Articles Tagged with highway

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Blackwell Law Firm - Alabama Personal Injury LawyersThis month’s TRIAL Magazine discusses a tragic eighteen wheeler crash. What happened in that crash? Around 1:30 am, a large commercial truck slammed into the rear of a pickup truck on a rural stretch of western Interstate. The crash killed a young mother and one of her children. Another child was left severely injured. The evidence at trial in that case revealed the commercial truck never slowed or took any evasive action before slamming into the pickup truck.

That case raised significant questions involving issues of independent contractors as drivers, control over drivers and company safety programs. If you need a lawyer in a trucking injury case, you should find one who understands these issues. Why were these issues in that case? The company (a worldwide distribution company) hired drivers it called “contractors” or “independent contractors.” Yet, the company did not treat these drivers as independent contractors. Instead, the company controlled every detail of driver operations down to the details of how to park the truck. As many lawyers know, it’s not what the company calls its people, but rather, the realities of control. While the company controlled all aspects of driver operations, it had NO driver safety training requirements or programs. That’s a classic case of profits over people. If you put drivers on the highway and control their actions for your profit, you should also exercise some safety responsibility for them.

We drive alongside big trucks everyday on our highways. Many trucking companies and truckers care deeply about safety. But, not all of them do. Next time you see a company name or logo on the side of a large truck, ask yourself:  Does that company have a REAL safety program to prevent needless injury?

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Commercial Truck

Truck Side Underride Crashes Are Deadly For Drivers, Cyclists And Pedestrians

Many of you have experienced it. You are driving down the Interstate. Suddenly, you are side-by-side with a large commercial truck. The vehicles are just feet from each other. You look over. Those trucks look really big when you are right next to them. If you are driving a passenger car, it could almost fit underneath that big truck. Almost. What happens when a car actually crashes into (or under) the side of a large commercial truck? Underride crashes with commercial trucks present some of the most devastating physical injuries. An NBC news report says it all:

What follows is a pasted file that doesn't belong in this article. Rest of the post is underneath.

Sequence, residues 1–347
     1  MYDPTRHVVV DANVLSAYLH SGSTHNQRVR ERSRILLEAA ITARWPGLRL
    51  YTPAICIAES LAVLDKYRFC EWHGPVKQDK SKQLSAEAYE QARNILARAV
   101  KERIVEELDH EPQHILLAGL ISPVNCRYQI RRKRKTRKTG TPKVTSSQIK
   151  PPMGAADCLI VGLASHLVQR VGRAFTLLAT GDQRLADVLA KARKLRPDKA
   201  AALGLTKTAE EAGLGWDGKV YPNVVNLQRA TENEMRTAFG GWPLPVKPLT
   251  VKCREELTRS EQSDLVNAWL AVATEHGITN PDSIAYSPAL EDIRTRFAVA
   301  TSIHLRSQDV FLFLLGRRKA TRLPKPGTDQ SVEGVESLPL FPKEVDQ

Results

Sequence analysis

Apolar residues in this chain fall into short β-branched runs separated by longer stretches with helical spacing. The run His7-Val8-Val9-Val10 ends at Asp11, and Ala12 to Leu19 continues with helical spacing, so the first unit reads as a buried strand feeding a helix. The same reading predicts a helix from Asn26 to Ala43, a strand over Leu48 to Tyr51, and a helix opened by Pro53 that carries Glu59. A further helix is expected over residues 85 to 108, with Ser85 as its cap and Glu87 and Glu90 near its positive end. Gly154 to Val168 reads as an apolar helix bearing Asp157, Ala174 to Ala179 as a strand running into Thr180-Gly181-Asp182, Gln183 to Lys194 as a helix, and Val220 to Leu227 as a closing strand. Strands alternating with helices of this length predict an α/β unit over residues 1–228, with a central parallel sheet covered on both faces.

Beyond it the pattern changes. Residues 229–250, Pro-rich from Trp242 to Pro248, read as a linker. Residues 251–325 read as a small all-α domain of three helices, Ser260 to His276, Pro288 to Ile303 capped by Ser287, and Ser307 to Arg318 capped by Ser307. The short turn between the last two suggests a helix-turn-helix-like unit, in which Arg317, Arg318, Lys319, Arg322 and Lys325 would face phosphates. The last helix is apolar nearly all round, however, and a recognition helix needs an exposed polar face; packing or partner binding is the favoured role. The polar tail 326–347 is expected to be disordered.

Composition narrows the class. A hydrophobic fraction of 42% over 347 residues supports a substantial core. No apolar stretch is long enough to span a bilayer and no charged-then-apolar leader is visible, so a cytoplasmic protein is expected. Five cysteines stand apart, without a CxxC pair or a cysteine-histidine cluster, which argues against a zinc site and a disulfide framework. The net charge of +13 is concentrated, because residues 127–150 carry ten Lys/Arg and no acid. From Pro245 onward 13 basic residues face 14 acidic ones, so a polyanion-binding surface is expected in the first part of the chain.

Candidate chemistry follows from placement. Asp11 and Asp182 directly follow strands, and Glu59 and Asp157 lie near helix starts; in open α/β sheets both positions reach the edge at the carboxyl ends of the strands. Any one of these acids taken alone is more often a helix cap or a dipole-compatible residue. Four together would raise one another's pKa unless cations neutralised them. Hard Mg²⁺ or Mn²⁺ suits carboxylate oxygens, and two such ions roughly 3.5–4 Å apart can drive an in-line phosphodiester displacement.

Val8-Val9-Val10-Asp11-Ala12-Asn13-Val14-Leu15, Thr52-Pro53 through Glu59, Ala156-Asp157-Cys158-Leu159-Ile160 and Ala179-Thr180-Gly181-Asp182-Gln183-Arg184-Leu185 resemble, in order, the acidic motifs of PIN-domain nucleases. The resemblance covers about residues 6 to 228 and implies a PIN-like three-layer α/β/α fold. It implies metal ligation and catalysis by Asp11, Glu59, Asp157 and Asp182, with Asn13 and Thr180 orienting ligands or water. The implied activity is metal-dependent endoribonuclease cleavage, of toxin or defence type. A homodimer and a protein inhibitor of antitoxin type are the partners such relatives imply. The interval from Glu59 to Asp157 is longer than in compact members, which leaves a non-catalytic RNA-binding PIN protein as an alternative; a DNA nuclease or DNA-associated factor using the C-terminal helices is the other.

Side Underride Crashes Kill 200 People A Year. Will Congress Act?

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highway-1666635_1920-300x200Truck crash cases are very different than car accident cases. This is true for several reasons. Commercial trucks can cause much more physical damage.  Commercial trucks also operate and maneuver differently than cars. Face it — that truck is much heavier and bigger than your car.

The differences don’t stop with weight, size and maneuverability. Commercial truck drivers often feel pressure to drive long miles for long hours to make deliveries. Truck driver fatigue is a major safety issue. So is truck driver health. I’ve written previously about both of these serious safety issues affecting highway safety.

Don’t forget, trucking companies and their drivers are also subject to specific safety regulations. We could discuss these differences over many blog posts. Here, I want to discuss briefly just one. That is — The Rapid Response Team!

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Blackwell Law Firm - Huntsville Personal Injury LawyersLook at the drivers around you. Do you see many of them staring at their phones instead of the road? I do. I also talk daily with clients who suffered serious personal injuries in car crashes caused by these distracted drivers.

Distracted driving is a frequent topic for us. We have long-advocated an approach to the problem that involves safety laws, education and technology. All three approaches are needed. Safety laws help but they do not solve the problem by themselves. That’s our opinion.

A new study by a California company, Zendrive, supports our belief that safety laws alone cannot solve the problem of distracted driving. You can read about the recent Zendrive study at the website for the Claims Journal an insurance industry periodical. You can also read about the study in a recent Bloomberg article. Each separate article provides interesting insights into the study. According to reports, Zendrive monitored several million drivers. Before I discuss some of the actual results, the Claims Journal article notes Zendrive “is likely discounting the danger” since it only records phone use when the device is actually moving around inside a car. In other words, if your phone is mounted to the dash, your use may not have been recorded. What are a couple of the interesting facts reported by the Claims Journal and Bloomberg articles? Here are a couple:

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Blackwell Law Firm - Huntsville Personal Injury LawyersWhat is Alabama’s Move Over Law? The law began as a protection for police helping or citing motorists along the highway. We have all seen a police officer on the roadside doing his or her job. The officer must stand just feet from cars traveling at high speeds. It is a very dangerous position. Many police officers have been injured or killed over the years by passing motorists. If you ask any law enforcement officer, they will admit this is one of the scariest parts of their job.

Eventually, our original Blue Light Law was amended to include other workers who must also perform their jobs on the side of our highways. These include paramedics, firefighters, wrecker drivers, utility workers, sanitation employees. All of these individuals work at significant personal risk.